Sinusitis and Air Pollution

A smoggy view of the Shanghai Skyline
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Medically speaking, sinusitis is a broad term that refers to inflammation of the sinus cavities. Sinusitis can be caused by bacterial, viral or fungal infections, allergies, or a number of other factors. Chronic sinusitis, sinusitis that persists for 12 or more weeks, is a prevalent illness among people living in the United States. It occurs in individuals of all ages, sexes, and races, and the incidence of chronic sinusitis appears to increasing yearly.

Small hair-like structures inside our nasal and sinus passageways, called cilia, normally "sweep" mucous and other debris out of our nose and sinuses. Any disruption in this process can lead to conditions in which sinusitis can occur. Exposure to chemicals such as cigarette smoke, smog, ozone, and other toxins have been shown in studies to paralyze the function of cilia inside our nasal and sinus passageways. When the sinuses become clogged, unable to drain and cut off from air they become a perfect environment for germs to thrive in. Therefore, the quality of the air we breathe can significantly affect our likelihood to develop sinusitis.

Both indoor and outdoor air pollution can contribute to sinusitis, some individuals may be more sensitive to one or the other.

Outdoor air pollution may include chemicals from carbon monoxide, lead, ozone, particle pollution, nitrogen and sulfur oxides, pollen, dust, and mold spores.

The severity of outdoor air pollution varies depending on location, with highly populated cities tending to have poorer quality air than rural areas. Some cities, such as Salt Lake City, Utah, suffer from a type of seasonal air pollution also referred to as inversions.

Public health and environmental experts have worked hard to improve the quality of the air in the United States and in general pollution has improved over the last two decades, though pollution still remains a significant problem.

Outdoor air pollution has been found to contribute to many health problems including respiratory illnesses such as asthma, difficulty breathing, heart disease, stroke and more. Here are some tips on protecting yourself from outdoor air pollution:

  • Check air quality levels in your area via newspaper, radio, or television. Avoid exercising or spending a lot of time outdoors when air quality is poor.
  • Avoid exercising near high traffic areas.
  • Plan outdoor activities in the early morning or in the evening when ozone levels tend to be lower.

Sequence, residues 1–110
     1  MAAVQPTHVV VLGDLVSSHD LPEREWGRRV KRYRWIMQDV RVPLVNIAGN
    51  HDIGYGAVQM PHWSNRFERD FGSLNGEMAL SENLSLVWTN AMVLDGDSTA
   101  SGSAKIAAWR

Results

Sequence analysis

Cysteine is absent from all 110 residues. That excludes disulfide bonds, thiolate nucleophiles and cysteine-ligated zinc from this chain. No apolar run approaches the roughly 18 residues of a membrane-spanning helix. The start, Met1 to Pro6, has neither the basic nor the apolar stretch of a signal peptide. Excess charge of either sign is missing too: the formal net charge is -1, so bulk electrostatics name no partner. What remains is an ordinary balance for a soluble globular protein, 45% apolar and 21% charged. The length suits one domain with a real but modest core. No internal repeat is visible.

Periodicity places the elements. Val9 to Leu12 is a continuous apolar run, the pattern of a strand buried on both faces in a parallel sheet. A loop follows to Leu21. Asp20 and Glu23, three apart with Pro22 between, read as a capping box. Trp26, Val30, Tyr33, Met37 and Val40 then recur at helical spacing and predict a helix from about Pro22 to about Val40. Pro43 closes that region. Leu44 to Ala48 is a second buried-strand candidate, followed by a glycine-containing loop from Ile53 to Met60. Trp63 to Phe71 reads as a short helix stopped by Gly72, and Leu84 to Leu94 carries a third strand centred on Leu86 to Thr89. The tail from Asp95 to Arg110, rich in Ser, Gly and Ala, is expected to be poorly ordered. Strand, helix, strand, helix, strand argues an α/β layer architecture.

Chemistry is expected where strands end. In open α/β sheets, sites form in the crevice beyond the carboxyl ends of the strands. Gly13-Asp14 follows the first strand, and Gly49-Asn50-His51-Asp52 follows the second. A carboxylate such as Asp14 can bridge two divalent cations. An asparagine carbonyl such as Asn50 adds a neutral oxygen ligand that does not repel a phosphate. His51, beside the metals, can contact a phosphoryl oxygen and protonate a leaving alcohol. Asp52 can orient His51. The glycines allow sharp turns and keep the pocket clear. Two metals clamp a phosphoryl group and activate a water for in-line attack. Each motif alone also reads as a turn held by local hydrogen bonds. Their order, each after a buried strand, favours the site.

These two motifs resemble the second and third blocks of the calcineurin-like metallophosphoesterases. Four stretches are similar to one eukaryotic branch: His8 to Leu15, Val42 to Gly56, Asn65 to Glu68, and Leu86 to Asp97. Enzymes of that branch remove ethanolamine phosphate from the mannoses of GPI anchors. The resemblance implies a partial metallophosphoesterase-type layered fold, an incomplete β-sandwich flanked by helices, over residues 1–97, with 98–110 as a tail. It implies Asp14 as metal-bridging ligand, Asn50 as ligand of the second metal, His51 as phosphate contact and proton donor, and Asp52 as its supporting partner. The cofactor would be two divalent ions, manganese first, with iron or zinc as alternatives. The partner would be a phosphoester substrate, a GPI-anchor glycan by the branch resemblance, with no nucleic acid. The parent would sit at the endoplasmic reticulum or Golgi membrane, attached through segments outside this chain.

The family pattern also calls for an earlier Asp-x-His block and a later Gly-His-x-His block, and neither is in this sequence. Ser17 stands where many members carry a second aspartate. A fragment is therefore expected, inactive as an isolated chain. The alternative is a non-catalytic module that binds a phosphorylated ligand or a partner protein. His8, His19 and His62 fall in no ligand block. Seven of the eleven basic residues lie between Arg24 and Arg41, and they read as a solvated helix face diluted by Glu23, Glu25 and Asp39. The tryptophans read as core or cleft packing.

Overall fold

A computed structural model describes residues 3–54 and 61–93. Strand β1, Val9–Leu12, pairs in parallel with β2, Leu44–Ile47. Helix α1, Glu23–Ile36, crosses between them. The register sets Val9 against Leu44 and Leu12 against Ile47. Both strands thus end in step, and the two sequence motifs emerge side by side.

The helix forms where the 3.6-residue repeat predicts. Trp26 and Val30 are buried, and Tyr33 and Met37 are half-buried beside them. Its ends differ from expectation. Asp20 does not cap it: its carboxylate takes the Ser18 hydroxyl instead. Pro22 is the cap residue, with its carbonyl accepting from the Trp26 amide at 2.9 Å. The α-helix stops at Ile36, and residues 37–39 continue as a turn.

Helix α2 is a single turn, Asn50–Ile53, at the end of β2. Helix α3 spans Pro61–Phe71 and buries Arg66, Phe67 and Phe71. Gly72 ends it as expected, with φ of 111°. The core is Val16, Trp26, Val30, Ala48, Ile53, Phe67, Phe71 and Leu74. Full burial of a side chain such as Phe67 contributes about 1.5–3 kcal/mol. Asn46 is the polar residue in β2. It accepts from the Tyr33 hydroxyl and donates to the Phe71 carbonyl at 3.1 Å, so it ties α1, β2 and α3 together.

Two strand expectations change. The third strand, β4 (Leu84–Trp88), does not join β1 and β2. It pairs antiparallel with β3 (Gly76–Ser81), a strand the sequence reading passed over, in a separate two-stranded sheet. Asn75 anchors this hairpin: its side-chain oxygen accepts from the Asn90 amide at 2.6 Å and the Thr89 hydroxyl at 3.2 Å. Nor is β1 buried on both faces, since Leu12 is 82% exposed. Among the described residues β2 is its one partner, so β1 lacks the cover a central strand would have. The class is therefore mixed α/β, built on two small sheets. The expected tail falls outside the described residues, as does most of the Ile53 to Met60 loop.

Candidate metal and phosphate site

• Don't burn wood or trash, these are sources of particle pollution. Convert wood burning stoves to natural gas if possible.
  • Do not smoke cigarettes indoors and avoid exposure to second-hand smoke.
  • Carpool or use public transportation.
  • Gas up your car at night.

If you are allergic to pollen:

  • Monitor pollen counts via television, newspaper, radio, or internet. Avoid doing yard work or doing a lot of outdoor activities when pollen counts are high.
  • Brush or shake your clothing and hair off before going inside to avoid bringing pollen into your home.
  • Shower and change your clothes after spending time outdoors to remove pollen from your hair skin and clothing.
  • Keep windows and doors closed; instead, use your air conditioner, and change filters often.

As previously mentioned, indoor air pollution can also contribute to the development of sinusitis. This is especially true for individuals who are allergic to mold, pet dander, or dust. Indoor air pollution may even be a more pressing problem than outdoor air pollution since the majority of our time is spent indoors.

Sources

American Lung Association. 10 Tips to Protect Yourself from Unhealthy Air. Accessed: December 31, 2014 from http://www.lung.org/healthy-air/outdoor/protecting-your-health/protecting-yourself/

CDC. Air Pollutants. Accessed: December 31, 2014 from http://www.cdc.gov/air/pollutants.htm

CDC. Ozone and Your Health. Accessed: December 31, 2014 from http://www.cdc.gov/air/ozone.html

Medline Plus. Air Pollution. Accessed: December 31, 2014 from http://www.nlm.nih.gov/medlineplus/airpollution.html

Medscape. Chronic Sinusitis. Accessed: December 31, 2014 from http://emedicine.medscape.com/article/232791-overview#a0156

The Asthma Center. Air Pollution. Accessed: December 30, 3014 from http://www.theasthmacenter.org/index.php/disease_information/sinusitis/related_conditions/air_pollution/

The New York Sinus Center. Health Sinuses Start at Home. Accessed: December 30, 2014 from http://www.nysinuscenter.com/2012/05/healthy-sinuses-start-at-home/

University of Maryland Medical Center. Sinusitis. Accessed: December 31, 2014 from http://umm.edu/health/medical/reports/articles/sinusitis

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